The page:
July 29, 2010 -- As microprocessor designs have grown considerably in complexity, the use of hand-written directed tests in verification has dwindled. Automated random test generators that cover the stimulus space more efficiently have emerged in their place. These random test generators create microcode test sequences, emphasizing the distribution of stimuli across all meaningful values for opcodes and other instruction attributes. Traditional methods randomize instruction fields sequentially, which often results in verbose, redundant code and limited control over distributions.
In this article, we explore using a hierarchical constrained-random approach to accelerate generation and reduce memory consumption, while providing optimal distribution and biasing to hit corner cases using the Synopsys constraint solver. We present and analyze the method and discuss its effectiveness in today's verification environment.
The constraint language constructs in the SystemVerilog language provide a clean, concise format for describing microcode instructions in terms of their possible attribute combinations and allow precise control over the distribution of values for each individual field. An initial test generator prototype was implemented using a single class, in which constraints for all opcodes were defined. This early design was able to overcome all the aforementioned flaws of sequential randomization methods.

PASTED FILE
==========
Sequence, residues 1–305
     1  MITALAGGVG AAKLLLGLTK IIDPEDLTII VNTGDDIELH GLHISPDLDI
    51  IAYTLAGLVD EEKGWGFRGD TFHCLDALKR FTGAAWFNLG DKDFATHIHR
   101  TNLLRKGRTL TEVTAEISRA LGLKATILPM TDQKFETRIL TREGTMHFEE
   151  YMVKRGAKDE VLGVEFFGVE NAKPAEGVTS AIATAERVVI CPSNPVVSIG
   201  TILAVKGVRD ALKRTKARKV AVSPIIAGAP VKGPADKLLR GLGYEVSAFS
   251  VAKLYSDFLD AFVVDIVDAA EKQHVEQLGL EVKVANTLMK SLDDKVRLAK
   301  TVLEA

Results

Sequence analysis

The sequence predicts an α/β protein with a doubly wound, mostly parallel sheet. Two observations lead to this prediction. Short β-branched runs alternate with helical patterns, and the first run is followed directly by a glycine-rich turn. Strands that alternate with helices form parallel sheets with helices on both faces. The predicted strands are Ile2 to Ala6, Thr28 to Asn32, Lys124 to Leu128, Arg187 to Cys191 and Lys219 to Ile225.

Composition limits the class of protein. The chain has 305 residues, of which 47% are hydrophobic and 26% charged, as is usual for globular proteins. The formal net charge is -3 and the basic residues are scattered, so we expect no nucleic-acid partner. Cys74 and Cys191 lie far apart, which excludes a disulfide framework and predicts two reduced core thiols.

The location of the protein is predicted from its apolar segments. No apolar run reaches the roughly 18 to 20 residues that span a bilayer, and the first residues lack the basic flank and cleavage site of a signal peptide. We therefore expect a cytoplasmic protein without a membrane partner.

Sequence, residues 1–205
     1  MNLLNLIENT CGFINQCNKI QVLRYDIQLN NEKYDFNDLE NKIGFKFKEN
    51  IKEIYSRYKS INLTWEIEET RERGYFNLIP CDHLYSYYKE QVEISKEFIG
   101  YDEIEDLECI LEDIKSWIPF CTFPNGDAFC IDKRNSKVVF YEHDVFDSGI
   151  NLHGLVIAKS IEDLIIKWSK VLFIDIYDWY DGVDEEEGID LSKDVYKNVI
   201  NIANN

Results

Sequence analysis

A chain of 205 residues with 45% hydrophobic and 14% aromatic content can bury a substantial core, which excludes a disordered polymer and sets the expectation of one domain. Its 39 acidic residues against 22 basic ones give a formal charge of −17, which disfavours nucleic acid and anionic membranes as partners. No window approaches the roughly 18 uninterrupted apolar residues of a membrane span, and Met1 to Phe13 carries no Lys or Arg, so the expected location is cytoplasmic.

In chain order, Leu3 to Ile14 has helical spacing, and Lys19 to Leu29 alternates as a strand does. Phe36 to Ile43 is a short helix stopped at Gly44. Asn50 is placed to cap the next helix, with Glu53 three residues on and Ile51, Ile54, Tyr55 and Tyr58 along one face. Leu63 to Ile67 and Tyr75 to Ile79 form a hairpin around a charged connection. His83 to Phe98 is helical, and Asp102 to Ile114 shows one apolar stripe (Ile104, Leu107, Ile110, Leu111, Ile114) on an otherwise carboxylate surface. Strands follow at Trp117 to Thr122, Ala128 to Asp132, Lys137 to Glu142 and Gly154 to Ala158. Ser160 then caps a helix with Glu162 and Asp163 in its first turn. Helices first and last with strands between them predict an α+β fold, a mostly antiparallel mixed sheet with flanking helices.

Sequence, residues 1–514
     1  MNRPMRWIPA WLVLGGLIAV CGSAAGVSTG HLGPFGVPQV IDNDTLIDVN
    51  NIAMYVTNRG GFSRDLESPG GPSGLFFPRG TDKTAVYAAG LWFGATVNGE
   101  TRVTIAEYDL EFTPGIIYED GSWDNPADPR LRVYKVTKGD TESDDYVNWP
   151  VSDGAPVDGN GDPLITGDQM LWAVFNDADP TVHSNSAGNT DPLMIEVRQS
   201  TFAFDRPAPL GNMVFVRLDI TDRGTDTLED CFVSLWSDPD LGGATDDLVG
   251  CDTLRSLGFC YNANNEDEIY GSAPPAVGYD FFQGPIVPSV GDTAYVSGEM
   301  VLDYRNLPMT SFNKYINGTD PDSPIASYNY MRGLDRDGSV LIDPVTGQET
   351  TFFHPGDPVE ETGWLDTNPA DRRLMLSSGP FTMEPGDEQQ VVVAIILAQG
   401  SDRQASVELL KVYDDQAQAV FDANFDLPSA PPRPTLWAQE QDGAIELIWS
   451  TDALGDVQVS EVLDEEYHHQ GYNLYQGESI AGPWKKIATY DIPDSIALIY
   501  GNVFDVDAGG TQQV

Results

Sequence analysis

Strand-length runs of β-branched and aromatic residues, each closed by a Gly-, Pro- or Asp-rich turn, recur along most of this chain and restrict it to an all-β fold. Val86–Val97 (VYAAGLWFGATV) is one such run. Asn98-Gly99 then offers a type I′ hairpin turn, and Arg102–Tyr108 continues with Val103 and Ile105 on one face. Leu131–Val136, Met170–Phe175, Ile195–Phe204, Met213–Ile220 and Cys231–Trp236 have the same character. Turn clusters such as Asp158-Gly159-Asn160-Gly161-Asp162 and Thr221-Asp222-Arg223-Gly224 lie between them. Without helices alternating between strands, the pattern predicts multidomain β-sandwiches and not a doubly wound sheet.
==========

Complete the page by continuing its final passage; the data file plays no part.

Using an object-oriented approach, a base class was then implemented with global constraints pertaining to all opcodes. Sub-classes were derived to define groups of related opcodes with similar constraints. By partitioning the constraints hierarchically into smaller groups of opcodes, the memory requirements were drastically reduced, which increased performance.
By Gregory Tang, Rajat Bahl, Alex Wakefield and Padmaraj Ramachandran. (Tang and Bahl are with AMD, Inc.; Wakefield and Ramachandran qre with Synopsys, Inc.)
This brief introduction has been excerpted from the original copyrighted article.
View the entire article on the Design & Reuse website.
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